Tue. Sep 27th, 2022
A “HERO” dad-of-10 was crushed to death by two Tube trains after he stumbled off a busy platform and got stuck.

Gama Mohamed Warsame, who was praised as a war hero by his beloved family, was run over twice at Waterloo Station when the drivers failed to spot him after he slipped when drunk.

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Gama Mohamed Warsame, 59, tragically died after falling into the gap between a platform and train[/caption]

A pathologist told the Inner South London Coroner’s Court on Tuesday September 20 that the 59-year-old had a blood alcohol level which she said: “Is normally associated with a coma and possibly death.”

The court heard how the victim tried to escape and continued waving his arms signalling for help for nearly half a minute but was hit by a train moments later.

Mr Warsame’s daughter Samara Mohamed said: “Sadly in the last moments of his life, he needed help and no-one was there to help him.”

A second train also crushed Mr Warsame 85 seconds after the first one.

The driver was alerted by a passenger on the platform rather than the train’s own monitoring equipment and so the emergency brake was not pulled in time.

Samara and her family slammed Transport for London (TfL) at the inquest and demanded they take responsibility.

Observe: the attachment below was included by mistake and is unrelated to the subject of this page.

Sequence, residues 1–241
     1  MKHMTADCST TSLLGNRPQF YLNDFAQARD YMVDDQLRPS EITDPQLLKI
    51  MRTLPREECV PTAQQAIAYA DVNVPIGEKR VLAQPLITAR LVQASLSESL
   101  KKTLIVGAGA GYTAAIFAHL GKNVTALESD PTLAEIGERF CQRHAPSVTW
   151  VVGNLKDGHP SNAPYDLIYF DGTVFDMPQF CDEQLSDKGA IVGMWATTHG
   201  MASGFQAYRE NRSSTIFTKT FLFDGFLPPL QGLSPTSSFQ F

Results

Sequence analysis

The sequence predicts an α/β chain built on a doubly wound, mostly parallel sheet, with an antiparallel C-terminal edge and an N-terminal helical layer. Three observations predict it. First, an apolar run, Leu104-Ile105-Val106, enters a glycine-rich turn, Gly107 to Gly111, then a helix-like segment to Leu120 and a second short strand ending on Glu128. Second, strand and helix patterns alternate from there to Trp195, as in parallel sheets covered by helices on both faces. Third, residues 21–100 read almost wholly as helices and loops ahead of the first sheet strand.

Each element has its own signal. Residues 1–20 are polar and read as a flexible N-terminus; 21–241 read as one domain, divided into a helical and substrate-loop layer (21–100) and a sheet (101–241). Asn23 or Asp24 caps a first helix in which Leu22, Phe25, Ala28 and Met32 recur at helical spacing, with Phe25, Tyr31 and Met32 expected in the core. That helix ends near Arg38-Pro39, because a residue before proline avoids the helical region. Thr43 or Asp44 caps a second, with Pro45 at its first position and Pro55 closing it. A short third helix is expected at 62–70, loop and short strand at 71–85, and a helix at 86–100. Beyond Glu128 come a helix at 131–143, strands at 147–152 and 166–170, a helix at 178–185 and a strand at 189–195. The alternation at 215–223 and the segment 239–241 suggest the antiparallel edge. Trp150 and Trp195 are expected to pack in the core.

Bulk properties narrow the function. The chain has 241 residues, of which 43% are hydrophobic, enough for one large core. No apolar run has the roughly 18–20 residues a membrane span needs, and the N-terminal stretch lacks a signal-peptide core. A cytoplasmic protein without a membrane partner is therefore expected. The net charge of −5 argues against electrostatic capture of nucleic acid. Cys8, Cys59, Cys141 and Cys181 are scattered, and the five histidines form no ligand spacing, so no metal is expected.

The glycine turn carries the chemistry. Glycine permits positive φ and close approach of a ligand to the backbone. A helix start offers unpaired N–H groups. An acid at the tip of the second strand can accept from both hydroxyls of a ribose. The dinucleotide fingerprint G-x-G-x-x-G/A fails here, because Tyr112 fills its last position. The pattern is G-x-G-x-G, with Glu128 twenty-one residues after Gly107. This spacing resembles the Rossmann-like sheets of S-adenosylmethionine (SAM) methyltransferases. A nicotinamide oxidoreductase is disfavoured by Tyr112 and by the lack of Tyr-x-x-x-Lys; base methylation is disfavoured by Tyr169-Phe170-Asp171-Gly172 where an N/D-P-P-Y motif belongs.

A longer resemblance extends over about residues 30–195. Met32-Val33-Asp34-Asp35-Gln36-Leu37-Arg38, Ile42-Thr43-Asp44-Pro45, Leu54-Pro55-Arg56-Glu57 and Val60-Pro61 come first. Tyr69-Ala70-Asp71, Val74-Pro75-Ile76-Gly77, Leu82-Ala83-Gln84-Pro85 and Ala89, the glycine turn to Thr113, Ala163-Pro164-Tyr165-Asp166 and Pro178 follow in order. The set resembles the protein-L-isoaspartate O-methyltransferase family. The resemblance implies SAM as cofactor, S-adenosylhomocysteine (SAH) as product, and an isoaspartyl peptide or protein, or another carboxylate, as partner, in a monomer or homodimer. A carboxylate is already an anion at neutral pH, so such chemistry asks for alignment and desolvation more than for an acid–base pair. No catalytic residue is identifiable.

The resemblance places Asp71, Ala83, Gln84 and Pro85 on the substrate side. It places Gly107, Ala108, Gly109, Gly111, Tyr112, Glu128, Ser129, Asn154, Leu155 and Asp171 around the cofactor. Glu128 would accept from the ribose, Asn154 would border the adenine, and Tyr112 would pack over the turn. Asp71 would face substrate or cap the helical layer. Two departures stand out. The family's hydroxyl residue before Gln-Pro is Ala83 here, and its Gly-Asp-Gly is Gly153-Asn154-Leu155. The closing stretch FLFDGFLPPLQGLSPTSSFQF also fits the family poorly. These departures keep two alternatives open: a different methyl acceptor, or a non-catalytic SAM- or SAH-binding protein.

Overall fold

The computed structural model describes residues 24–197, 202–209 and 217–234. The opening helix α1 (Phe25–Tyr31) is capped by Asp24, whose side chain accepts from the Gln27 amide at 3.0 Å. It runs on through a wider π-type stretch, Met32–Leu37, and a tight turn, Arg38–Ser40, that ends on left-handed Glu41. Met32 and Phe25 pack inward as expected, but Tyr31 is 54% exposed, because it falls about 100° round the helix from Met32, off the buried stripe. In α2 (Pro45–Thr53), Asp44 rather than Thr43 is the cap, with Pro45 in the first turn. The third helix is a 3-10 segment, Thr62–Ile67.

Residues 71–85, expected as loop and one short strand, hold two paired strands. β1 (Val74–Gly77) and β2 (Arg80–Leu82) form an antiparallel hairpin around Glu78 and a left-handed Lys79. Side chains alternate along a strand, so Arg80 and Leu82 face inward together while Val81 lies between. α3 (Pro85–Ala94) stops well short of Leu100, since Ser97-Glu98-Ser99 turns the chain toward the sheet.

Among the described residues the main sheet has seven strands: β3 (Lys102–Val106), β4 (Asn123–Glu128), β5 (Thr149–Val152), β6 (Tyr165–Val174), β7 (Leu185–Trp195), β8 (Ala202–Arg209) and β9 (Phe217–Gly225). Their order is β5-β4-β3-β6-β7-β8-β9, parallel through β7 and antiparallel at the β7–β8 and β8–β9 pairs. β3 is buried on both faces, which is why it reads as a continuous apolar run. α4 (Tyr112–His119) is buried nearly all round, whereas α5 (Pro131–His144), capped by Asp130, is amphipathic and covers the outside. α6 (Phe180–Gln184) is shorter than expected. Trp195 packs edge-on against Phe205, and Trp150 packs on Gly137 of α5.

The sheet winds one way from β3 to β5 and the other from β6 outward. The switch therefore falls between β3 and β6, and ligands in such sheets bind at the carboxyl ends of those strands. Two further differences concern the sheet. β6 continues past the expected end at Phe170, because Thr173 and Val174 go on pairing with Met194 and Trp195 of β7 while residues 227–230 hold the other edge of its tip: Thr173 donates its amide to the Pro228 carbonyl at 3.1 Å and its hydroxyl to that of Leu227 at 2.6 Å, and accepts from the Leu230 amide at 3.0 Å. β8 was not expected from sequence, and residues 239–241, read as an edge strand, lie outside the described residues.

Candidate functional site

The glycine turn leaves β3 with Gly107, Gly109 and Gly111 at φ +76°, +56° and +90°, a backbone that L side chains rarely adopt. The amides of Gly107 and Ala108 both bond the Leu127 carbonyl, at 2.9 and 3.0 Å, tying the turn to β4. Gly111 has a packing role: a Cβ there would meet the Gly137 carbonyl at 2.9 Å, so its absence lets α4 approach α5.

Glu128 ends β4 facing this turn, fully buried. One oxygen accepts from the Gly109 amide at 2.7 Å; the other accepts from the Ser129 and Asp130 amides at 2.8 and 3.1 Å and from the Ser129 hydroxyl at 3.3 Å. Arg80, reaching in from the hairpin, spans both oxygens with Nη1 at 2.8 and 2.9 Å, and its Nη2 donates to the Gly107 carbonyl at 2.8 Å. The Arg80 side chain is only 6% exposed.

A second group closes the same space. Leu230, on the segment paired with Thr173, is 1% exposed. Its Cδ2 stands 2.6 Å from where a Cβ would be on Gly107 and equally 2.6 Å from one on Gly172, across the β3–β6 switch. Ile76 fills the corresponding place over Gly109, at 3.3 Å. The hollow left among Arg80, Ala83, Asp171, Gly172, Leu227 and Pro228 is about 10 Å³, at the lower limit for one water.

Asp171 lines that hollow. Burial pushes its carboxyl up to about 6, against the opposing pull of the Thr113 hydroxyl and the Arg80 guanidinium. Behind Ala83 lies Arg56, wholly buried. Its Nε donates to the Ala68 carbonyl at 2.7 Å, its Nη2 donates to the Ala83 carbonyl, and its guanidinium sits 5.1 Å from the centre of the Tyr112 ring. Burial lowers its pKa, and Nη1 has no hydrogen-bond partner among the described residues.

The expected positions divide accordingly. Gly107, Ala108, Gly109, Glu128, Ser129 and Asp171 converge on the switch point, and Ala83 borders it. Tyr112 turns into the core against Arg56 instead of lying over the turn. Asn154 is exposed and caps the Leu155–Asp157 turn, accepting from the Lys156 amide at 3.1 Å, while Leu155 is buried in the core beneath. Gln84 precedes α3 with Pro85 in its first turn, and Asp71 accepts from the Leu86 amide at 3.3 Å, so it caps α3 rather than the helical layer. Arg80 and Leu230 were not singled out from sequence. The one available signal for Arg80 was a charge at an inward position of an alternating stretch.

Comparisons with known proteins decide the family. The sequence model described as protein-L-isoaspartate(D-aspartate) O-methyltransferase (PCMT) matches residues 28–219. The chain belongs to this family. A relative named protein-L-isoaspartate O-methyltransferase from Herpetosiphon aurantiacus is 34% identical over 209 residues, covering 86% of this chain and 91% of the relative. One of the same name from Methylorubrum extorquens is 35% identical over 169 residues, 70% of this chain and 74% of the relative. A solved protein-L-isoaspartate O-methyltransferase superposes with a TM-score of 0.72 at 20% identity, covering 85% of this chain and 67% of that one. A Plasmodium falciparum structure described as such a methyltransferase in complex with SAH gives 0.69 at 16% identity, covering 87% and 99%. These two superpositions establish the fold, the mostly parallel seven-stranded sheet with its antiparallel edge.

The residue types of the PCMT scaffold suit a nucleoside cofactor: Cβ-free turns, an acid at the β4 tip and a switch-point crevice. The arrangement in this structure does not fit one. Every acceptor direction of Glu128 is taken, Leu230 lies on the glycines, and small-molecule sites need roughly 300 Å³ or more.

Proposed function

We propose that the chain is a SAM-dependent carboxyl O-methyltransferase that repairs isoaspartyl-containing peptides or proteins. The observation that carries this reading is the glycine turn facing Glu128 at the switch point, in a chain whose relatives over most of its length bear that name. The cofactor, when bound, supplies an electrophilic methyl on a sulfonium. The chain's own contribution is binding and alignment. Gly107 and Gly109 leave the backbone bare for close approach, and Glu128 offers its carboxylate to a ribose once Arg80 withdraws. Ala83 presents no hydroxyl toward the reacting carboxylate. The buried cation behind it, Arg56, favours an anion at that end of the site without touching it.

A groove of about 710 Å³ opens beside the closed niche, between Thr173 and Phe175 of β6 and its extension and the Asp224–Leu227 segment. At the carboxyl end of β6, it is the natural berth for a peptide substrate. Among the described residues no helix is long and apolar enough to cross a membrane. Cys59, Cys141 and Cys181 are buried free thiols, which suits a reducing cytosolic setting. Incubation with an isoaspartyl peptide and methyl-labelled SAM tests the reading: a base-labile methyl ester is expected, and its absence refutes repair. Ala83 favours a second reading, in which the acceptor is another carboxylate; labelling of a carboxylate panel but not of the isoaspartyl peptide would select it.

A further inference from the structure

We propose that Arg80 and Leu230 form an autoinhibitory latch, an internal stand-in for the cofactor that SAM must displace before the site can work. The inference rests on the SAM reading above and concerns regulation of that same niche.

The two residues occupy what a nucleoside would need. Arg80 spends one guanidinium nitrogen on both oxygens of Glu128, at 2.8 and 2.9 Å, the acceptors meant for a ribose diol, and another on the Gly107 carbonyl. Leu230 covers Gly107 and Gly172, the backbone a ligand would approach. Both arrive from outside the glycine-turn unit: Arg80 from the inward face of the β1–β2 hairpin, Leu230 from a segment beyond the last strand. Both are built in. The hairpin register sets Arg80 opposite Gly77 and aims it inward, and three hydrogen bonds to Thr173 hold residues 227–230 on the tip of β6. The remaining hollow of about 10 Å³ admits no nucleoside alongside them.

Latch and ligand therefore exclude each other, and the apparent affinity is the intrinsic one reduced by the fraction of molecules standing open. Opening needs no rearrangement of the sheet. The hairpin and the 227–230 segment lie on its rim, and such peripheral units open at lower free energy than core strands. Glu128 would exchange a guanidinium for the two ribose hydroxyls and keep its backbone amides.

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The grieving daughter added: “We believe our father’s death happened for some other reason than just an accident and changes need to happen to help someone else.

“After all, he was a remarkable person and sometimes, something remarkable needs to happen to change the world. We as a family want TfL and London Underground to take responsibility to increase awareness of what happens on their platforms.”

An investigation by the Rail Accident Investigation Branch (RAIB) already found the operations monitors – which let drivers see issues on the platform – were ‘unsuitable for identifying a person fallen in the gap’ after investigators did a simulation test with a mannequin.

RAIB lead investigator Richard Brown admitted to the court: “What the driver could see at the time is not recorded, so we don’t actually know.”

Those who attended the inquest were shown a simulation of the accident and saw how difficult it would have been to see a passenger on the platform or in the gap.

Mr Brown confirmed the cameras did not meet the requirement for being able to spot a person on the monitor.

The gap that Mr Warsame tragically fell down was due to a curvature in the platform, the inquest revealed.

At its deepest point, the space was only 580mm, which is around thigh level, and at it’s smallest 254mm wide, according to Mr Brown.

Senior Coroner Andrew Harrison still seemed baffled, and stated: “It does seem surprising that someone could actually fit in that gap?”

The investigator claimed due to noise levels on the platform at the time it would have been difficult to hear someone shouting.

He said: “You needed to shout… If anyone was more than a carriage or two distance away they would struggle to hear you.”